A wonderful talk from Manuel on the hidden complexities of HTML. There's a huge amount of interesting stuff going on here in terms of writing accessible, semantic websites, but I particularly liked the way various issues were framed. I think Manuel is completely correct in their assertion that HTML is surprisingly hard – it's very easy to explain the syntax, but incredibly complex to learn how it actually works – and that this secret learning curve is the root cause of many performance and accessibility issues on the web today.
We're wrongfully downplaying the complexity of HTML due to the simplicity of its syntax.
On one common concern with a lot of accessibility issues:
All of these issues have one thing in common, and that is that they should be in the document, but are not visible in the design.
👆 This is a fantastic framing method. So many accessibility concerns arise from developers translating a design file into code, and forgetting the extra bits. Missing alternative text, form labels, buttons and links with no visible text (icon buttons etc.), all likely match the design files, but fail to match the document needs.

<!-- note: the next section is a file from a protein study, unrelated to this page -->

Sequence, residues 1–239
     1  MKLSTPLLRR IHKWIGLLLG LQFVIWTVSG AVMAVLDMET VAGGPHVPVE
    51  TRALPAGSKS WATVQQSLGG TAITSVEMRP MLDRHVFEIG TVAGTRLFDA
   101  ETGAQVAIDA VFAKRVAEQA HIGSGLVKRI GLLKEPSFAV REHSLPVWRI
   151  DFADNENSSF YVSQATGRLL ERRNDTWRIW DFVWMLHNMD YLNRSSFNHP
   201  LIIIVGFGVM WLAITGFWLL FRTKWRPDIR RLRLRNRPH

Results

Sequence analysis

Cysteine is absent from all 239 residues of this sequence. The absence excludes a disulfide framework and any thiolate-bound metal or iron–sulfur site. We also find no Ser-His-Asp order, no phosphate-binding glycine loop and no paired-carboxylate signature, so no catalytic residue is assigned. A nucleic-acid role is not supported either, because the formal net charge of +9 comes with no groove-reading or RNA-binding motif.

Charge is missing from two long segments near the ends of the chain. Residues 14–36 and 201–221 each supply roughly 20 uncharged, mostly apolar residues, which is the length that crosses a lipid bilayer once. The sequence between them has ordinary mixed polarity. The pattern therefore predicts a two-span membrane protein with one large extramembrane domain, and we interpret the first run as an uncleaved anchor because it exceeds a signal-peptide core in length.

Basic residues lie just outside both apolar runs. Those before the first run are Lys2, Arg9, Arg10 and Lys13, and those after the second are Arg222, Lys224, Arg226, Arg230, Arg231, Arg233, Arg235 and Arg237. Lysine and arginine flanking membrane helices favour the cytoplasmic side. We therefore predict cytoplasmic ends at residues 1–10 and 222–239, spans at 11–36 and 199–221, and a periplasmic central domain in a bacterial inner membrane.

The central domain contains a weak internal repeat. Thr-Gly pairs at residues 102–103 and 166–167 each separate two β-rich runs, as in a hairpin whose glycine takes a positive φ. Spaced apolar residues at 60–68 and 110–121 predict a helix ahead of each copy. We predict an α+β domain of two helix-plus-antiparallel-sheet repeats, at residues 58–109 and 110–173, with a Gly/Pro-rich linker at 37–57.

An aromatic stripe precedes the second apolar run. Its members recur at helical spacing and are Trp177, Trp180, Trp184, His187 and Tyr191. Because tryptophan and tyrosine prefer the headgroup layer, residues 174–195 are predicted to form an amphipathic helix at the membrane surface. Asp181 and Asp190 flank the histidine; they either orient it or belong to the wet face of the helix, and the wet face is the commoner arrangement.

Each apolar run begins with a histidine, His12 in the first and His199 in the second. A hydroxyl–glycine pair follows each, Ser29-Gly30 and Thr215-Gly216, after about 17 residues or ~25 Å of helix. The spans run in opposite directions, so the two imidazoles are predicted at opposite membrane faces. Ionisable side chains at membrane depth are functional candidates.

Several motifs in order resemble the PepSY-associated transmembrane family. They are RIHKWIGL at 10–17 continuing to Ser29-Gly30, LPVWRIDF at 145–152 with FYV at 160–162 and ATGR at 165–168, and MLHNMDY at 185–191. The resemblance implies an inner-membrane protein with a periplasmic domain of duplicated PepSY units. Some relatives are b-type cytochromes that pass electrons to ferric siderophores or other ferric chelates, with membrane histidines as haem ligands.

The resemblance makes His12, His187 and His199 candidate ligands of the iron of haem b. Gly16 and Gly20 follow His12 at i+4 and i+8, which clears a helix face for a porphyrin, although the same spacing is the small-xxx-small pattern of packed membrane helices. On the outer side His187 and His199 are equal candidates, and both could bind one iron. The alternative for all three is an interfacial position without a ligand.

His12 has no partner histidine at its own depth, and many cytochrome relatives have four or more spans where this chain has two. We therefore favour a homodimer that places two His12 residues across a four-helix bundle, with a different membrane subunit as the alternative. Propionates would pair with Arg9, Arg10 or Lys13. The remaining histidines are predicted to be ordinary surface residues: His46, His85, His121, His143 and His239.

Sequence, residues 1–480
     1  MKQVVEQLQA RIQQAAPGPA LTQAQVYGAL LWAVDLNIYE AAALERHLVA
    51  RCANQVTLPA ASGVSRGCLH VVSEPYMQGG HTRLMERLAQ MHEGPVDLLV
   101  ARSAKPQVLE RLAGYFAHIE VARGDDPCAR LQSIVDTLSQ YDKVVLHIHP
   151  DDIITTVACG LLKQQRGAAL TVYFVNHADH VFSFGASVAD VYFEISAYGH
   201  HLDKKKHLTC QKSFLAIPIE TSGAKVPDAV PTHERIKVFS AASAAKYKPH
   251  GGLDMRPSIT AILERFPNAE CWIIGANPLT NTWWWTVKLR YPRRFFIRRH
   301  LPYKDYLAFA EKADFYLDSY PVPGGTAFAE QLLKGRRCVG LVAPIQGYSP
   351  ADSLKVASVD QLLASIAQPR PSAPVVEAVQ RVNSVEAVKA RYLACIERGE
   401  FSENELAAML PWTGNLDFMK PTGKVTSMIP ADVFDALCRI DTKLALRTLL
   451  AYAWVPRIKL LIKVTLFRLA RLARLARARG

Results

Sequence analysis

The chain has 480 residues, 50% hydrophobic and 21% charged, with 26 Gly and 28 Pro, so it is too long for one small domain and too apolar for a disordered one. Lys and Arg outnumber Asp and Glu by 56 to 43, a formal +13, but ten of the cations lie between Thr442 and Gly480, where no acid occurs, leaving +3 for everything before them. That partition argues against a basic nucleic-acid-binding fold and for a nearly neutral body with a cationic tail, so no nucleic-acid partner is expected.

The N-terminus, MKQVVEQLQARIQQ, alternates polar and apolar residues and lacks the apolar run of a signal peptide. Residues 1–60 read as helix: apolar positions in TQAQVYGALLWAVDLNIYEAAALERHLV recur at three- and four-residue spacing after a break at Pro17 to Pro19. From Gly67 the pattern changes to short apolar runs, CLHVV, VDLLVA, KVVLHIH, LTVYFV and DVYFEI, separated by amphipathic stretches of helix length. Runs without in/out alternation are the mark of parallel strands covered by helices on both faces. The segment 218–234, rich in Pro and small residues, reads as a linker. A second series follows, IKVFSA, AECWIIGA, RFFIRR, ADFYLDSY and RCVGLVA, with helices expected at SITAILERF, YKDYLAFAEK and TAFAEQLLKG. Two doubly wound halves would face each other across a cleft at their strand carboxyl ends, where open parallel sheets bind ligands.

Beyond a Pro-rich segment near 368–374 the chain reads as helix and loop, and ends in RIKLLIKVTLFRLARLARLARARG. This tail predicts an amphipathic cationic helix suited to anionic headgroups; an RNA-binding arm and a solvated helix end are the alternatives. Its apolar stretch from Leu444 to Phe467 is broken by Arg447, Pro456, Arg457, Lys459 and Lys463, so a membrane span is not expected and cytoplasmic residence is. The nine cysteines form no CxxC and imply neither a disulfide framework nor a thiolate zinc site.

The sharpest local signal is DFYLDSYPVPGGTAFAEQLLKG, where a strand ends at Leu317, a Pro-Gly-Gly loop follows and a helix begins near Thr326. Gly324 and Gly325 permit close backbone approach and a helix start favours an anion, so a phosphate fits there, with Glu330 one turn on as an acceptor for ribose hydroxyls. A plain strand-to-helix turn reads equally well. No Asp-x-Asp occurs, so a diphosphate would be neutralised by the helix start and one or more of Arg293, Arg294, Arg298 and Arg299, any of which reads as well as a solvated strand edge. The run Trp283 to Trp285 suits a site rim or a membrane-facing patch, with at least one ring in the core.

On making icon buttons and close buttons:
Make sure you are using a
<button> element, add ARIA attributes (such as
aria-hidden on the icon, etc.) as needed.
Watch out for using strange glyphs as labels (e.g. the multiplication icon as an "x" for a close button). If you do use them, hide them from assistive tech so that they aren't announced (e.g. "Close multiplication icon" doesn't sound great 😂).
On how heading levels should be used to create a contents table for your website:
On the web, we can use headings to create the same structure [as a contents page in a book]. If you create a nice heading structure on the website, sighted users can scan the page and see the structure and get an idea of what it's about. And especially screenreader users, they get an additional way of navigation. They can use shortcuts and jump from heading to heading. This is really useful!
Try to ensure that every logical "section" of the page has a heading. You can do this by:
- Having visible headings (the best option);
- Using heading elements that are visually hidden (e.g. an
- Or using the
<section>element and giving it an ARIA label.
That last one is a bit weird. It won't surface the section within a heading index, so if users are trying to navigate that way it's not great. But it will convert the otherwise semantically meaningless
<section> element into a landmark within the page, so anyone navigating that way can find it. It's probably the worst option for heading order, but a great tip for creating additional, easy-access sections (the example given here was Smashing Magazine's summary section at the top of all their articles).
On the HTML lang attribute:
I hadn't realised that this actively impacts the rendering of text nodes (things like quotation marks, hyphenation, even formatting will change based on the language), nor did I know Chrome will use it to determine translation settings.